In the rush to meet a deadline, focus on the actual and continual improvements required to make meaningful impacts can get lost
There is nothing quite like the pressure of time to focus the mind. And that has been the strategy of choice for companies as they get to grips with the negative social and environmental impacts happening along their supply chains – and not least around deforestation. Many companies have made commitments with deadlines to reduce or eliminate the forest impacts linked to the agricultural commodities that underpin their businesses.
But the recent announcement that the world’s 12 biggest chocolate and cocoa companies
have united to jointly eradicate deforestation in the cocoa supply chain was notable for the absence of any given timeframe. Yes, the collaboration has devised a framework to stick to, as well as an investment plan, but there is no deadline to achieving the ultimate ambition.
The problem with deadlines, of course, is that the clock keeps ticking.
A new report
by Supply Change, a Forest Trends Initiative, tracks more than 400 companies that have made around 760 commitments to stop deforestation in the supply chains of palm oil, soy, timber and pulp, and cattle.
Many of these promises and goals have a set deadline of 2020, which is challenging given the complexities involved in reformulating entire systems. Moreover, as the Supply Change data suggests, relative newcomers are looking to achieve by the end of the decade what the early pioneers have taken many years to do.
This is a situation that raises a lot of questions. Are companies biting off more than they can chew? Or are they merely cutting corners to meet their goals?
The ground does appear to be shifting. Around a third
of deforestation pledges that have been made in the last two years have no target date at all. But that is not necessarily a bad thing, according to Scott Poynton, founder of TFT.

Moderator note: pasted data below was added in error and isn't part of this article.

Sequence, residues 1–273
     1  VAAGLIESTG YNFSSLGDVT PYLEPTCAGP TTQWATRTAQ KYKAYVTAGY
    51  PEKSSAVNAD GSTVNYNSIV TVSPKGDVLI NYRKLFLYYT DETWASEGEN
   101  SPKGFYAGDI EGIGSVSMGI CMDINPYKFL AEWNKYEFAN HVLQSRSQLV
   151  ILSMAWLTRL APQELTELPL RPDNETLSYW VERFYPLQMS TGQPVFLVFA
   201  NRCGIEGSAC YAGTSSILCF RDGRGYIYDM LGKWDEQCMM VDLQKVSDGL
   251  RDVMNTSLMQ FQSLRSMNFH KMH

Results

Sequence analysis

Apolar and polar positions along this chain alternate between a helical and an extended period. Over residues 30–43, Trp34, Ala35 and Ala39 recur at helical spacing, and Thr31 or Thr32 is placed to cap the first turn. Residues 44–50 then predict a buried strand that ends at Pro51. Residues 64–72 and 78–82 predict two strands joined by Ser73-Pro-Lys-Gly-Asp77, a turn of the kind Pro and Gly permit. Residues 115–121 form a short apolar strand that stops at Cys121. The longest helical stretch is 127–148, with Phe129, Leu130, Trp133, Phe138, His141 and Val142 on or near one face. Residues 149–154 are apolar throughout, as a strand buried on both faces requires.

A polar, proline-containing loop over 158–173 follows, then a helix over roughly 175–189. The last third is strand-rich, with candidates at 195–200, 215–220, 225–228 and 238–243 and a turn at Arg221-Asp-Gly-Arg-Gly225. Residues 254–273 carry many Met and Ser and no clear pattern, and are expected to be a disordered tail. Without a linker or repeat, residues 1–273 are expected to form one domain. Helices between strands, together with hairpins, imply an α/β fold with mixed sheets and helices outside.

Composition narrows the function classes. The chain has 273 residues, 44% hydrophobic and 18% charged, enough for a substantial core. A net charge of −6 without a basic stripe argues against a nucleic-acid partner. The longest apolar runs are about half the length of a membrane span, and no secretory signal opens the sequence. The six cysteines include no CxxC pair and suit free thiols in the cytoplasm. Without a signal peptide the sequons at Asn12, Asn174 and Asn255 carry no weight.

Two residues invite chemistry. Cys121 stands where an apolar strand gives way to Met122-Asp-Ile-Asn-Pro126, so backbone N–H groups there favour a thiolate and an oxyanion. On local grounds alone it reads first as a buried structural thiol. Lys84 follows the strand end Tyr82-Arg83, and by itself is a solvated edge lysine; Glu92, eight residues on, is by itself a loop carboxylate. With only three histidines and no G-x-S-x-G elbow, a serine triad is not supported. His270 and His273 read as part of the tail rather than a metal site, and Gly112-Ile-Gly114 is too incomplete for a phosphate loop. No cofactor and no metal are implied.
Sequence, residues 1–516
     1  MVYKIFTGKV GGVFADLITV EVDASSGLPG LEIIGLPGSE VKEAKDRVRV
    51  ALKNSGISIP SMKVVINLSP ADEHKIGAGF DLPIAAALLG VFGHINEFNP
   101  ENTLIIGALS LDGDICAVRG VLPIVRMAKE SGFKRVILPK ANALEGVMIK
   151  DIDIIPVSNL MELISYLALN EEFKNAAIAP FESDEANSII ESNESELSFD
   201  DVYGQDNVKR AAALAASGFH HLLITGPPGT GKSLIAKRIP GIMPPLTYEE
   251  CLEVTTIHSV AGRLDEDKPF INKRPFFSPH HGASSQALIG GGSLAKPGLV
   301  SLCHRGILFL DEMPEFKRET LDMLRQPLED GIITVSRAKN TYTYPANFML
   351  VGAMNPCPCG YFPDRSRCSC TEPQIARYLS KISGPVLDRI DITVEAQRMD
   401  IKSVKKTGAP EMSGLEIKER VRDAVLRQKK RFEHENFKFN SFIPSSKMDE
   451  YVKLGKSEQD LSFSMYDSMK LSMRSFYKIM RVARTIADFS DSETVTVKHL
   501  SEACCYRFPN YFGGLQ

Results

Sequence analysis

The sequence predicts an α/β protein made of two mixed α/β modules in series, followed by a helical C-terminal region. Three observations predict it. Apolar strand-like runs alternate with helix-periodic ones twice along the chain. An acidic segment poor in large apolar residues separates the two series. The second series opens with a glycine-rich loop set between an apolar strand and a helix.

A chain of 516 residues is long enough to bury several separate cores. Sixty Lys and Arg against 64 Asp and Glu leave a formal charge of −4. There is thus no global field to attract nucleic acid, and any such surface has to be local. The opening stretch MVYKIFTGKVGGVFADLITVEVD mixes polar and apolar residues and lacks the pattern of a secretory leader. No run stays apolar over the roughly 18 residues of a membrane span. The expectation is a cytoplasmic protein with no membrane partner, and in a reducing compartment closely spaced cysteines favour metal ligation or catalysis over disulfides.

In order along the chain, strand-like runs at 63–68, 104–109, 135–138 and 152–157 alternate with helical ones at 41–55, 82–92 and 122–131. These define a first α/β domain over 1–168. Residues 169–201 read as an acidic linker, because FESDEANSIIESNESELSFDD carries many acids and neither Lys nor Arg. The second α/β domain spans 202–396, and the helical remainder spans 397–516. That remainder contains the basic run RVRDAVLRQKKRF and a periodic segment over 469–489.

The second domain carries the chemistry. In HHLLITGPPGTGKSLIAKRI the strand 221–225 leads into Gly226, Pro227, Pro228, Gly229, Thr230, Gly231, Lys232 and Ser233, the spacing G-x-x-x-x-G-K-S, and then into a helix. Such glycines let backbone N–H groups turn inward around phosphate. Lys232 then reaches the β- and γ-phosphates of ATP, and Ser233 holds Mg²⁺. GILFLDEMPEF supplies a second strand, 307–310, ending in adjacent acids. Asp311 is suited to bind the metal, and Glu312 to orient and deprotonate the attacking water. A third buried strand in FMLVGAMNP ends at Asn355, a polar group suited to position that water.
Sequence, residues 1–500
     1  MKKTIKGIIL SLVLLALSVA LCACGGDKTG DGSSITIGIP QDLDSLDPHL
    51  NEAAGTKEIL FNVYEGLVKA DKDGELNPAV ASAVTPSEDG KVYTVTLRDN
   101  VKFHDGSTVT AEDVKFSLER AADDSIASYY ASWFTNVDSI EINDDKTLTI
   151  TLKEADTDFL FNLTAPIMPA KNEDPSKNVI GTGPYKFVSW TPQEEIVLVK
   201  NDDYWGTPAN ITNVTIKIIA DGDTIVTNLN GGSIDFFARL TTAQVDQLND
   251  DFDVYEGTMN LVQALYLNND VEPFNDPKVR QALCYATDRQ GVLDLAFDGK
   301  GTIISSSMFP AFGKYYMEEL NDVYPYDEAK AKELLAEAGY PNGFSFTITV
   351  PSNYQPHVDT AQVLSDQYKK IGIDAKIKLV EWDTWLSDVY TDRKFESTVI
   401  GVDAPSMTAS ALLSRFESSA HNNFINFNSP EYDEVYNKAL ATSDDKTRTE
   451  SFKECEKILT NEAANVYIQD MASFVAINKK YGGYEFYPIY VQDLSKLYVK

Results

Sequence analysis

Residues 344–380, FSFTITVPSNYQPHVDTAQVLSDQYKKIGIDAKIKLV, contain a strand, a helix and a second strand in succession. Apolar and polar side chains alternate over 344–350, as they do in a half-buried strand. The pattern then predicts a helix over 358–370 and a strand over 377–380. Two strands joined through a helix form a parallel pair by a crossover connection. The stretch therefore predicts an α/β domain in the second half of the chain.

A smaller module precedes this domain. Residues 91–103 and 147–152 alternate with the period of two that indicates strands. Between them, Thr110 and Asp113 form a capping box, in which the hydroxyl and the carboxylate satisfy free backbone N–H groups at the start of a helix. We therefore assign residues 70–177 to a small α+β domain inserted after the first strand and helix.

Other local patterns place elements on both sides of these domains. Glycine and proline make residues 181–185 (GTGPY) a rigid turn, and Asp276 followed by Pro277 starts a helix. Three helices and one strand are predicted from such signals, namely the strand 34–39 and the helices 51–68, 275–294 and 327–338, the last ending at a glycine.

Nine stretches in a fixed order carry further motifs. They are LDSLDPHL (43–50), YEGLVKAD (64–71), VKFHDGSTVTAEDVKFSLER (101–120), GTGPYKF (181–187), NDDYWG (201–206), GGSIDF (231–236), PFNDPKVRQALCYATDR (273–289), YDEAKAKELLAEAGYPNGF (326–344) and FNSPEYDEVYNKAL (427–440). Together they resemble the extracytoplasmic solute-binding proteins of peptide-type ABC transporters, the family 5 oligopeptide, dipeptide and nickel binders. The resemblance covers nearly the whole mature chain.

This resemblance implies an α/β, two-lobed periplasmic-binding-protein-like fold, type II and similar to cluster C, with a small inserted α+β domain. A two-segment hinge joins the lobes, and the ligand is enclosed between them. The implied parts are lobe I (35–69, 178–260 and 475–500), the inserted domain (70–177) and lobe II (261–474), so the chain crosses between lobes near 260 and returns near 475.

He argues that, on the one hand, deadlines can be good at driving action because “you’ve put a hard stake in the ground”. This opens the way to verification, where NGOs, for example, can check and report on progress, as can companies themselves.
Action is necessary
But, on the other hand, Poynton argues, “Companies can set a deadline without fully understanding the necessary action required to achieve it. They jump in meaningfully and honestly but then hit a brick wall. Then, NGOs who want fast action attack the company for greenwashing or for not being serious enough.”
In other words, by making commitments with deadlines, companies put themselves at risk of campaigner attack if they can’t meet the deadline. So, Poynton says, what tends to happen is that companies assume that they don't really know how long it will take and so set deadlines that are way off. This gives them wriggle room. “The trouble is, with wriggle room, action gets delayed.”
Deforestation commitments for 2020, or even 2025, are in danger of becoming meaningless unless companies improve levels of transparency and disclosure. Again, the Supply Change study found one in five deforestation commitments have a target date that is past due – or never had a target date at all – and has never had progress information available. Meanwhile, a third of the 447 companies with commitments have at least one commitment that is dormant.
Providing information about the commitments – along with the public disclosure of progress towards meeting them – will “ensure the goals don’t fall into neglect, especially as many deforestation commitments approach their target deadlines”, according to Supply Change’s Stephen Donofrio.
For Poynton, it is much more realistic for companies to focus on actual changes in behaviour, and acknowledge that they might take some time to implement. “The key is to make a strong commitment that can be verified,” he adds. “Make it clear and then acknowledge that while you’re going to jump in fully and immediately, you don’t know and will not know until you engage, what the complexities are.”
The most important thing is an undertaking to be transparent, and for regular and open reporting on progress, Poynton stresses. “If companies report fully and frequently then all their stakeholders can see that, even though they’ve not set any deadline, they’re working desperately seriously to meet their commitments.”